Note: certain business licenses (for example TAT tourist license) required for operating specific businesses could additionally restrict foreign participation in a Thai company. A business licenses could require a majority Thai management (directors) in the limited company and could lower the allowed percentage of foreign shareholdings to 39% (foreigner definition under the Thailand Vessel Act).

Under present laws and regulations the indication for a nominee shareholder lies primarily in the source of the capital investment and the financial credibility of the Thai national shareholders when forming the Thai company or when transferring land to a company (often at the discretion of the officials involved). Currently the government makes it more difficult for foreigners to create a Thai limited company (business registration rules) and transfer land to a partly foreign owned company (ownership registration rules). Any foreign involvement in the company could lead to an investigation of the Thai shareholders, for example how they paid for their shareholding.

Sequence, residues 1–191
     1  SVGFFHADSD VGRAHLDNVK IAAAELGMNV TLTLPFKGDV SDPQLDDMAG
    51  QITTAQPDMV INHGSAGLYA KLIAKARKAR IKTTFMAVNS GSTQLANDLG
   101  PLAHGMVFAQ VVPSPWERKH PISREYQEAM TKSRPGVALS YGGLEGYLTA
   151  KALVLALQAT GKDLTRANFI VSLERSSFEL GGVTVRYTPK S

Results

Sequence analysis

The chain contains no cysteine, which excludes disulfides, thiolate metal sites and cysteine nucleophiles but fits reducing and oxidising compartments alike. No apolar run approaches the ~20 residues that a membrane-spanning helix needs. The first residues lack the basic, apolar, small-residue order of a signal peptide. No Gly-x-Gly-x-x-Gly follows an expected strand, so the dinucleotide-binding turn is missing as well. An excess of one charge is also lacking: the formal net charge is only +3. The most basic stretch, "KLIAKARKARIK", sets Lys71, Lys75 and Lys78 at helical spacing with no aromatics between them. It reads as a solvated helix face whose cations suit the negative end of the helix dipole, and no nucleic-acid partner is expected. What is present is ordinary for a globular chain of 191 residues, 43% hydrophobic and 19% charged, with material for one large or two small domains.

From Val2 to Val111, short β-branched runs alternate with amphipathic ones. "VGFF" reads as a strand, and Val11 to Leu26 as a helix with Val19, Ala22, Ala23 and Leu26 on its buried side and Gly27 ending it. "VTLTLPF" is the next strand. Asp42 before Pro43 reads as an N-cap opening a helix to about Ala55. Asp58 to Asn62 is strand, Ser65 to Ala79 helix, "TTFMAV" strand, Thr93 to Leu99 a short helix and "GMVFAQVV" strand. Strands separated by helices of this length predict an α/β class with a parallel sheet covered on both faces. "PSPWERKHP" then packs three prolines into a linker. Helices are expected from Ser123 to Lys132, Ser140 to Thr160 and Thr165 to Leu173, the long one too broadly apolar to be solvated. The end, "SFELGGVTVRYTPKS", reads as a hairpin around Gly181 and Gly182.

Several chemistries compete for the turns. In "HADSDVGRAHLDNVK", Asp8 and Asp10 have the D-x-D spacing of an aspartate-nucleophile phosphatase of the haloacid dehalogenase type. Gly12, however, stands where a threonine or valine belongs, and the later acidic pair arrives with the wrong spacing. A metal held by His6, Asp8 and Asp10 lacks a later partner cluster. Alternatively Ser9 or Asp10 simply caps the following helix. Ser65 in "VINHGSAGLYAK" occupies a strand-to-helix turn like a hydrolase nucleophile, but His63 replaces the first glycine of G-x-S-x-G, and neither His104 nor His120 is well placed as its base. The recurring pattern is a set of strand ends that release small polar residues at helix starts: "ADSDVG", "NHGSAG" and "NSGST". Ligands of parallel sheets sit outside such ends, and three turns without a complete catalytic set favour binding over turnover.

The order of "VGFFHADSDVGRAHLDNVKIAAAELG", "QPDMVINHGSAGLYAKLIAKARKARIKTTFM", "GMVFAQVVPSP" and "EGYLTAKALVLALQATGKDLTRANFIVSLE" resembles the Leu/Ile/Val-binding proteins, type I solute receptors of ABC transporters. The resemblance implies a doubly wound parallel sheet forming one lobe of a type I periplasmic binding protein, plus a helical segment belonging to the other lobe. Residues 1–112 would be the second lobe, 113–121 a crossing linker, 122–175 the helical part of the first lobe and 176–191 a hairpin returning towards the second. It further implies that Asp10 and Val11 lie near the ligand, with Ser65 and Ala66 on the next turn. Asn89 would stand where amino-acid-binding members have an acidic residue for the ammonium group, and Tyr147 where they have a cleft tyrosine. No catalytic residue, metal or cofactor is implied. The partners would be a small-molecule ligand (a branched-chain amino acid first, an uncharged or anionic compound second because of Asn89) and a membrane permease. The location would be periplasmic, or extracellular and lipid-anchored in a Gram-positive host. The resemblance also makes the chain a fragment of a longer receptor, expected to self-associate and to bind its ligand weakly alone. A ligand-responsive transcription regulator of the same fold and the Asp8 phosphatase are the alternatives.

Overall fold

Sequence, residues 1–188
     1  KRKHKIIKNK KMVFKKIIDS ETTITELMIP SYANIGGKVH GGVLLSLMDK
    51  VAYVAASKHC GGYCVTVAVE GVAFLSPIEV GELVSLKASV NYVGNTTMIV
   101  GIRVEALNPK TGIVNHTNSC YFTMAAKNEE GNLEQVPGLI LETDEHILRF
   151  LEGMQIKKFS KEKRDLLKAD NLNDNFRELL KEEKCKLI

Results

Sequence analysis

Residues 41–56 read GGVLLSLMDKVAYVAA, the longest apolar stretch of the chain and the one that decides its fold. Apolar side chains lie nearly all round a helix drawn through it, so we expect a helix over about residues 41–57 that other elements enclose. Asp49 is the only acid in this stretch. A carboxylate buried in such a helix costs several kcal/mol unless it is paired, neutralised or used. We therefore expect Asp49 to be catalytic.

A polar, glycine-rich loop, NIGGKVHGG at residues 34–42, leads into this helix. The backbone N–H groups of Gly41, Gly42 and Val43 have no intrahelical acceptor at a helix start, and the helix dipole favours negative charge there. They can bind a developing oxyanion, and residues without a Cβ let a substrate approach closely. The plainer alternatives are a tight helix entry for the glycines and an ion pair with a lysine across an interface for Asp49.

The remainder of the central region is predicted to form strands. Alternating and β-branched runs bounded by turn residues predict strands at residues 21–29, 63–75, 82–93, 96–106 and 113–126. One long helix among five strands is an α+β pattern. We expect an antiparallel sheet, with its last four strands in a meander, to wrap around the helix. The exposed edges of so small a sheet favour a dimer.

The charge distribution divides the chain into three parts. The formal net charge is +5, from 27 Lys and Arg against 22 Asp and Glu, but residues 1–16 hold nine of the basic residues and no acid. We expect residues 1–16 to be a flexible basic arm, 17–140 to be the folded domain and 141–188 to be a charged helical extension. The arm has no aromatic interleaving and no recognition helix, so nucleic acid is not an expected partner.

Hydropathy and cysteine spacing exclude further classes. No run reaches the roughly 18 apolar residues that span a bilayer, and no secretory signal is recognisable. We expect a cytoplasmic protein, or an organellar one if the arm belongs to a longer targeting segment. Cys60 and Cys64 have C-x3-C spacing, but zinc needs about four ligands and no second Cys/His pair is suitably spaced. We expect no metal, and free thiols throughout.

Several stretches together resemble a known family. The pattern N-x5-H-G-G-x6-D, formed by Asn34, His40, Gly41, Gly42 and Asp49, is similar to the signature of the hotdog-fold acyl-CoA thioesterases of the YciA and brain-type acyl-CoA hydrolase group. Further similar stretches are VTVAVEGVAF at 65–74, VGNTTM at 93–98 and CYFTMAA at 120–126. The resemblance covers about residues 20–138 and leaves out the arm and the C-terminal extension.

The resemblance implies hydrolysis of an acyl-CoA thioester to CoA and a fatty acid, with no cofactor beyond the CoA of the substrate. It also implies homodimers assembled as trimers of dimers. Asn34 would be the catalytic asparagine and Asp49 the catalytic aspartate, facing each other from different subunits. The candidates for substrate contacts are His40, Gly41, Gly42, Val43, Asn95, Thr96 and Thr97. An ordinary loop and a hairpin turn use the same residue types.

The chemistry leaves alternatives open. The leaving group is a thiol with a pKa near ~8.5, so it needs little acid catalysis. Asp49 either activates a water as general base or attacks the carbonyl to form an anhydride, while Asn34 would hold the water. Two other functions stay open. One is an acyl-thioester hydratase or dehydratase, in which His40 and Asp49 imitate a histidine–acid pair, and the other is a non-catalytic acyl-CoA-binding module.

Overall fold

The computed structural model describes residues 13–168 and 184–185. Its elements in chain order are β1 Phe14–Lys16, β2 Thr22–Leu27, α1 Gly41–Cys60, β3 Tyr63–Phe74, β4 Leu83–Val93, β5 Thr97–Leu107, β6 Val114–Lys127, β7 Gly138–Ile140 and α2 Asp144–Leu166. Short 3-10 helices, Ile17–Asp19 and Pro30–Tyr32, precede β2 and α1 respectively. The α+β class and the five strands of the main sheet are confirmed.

Section 4 Foreign Business Act: "Foreigner" means:
  1. Natural person not of Thai nationality.
  2. Juristic person not registered in Thailand .
  3. Juristic person registered in Thailand having the following characteristics.a- Having half or more of the juristic person's capital shares held by persons under (1) or (2) or a juristic person having the persons under (1) or (2) investing with a value of half or more of the total capital of the juristic parson.b- Limited partnership or registered ordinary partnership having the person under (1) as the managing partner or manager.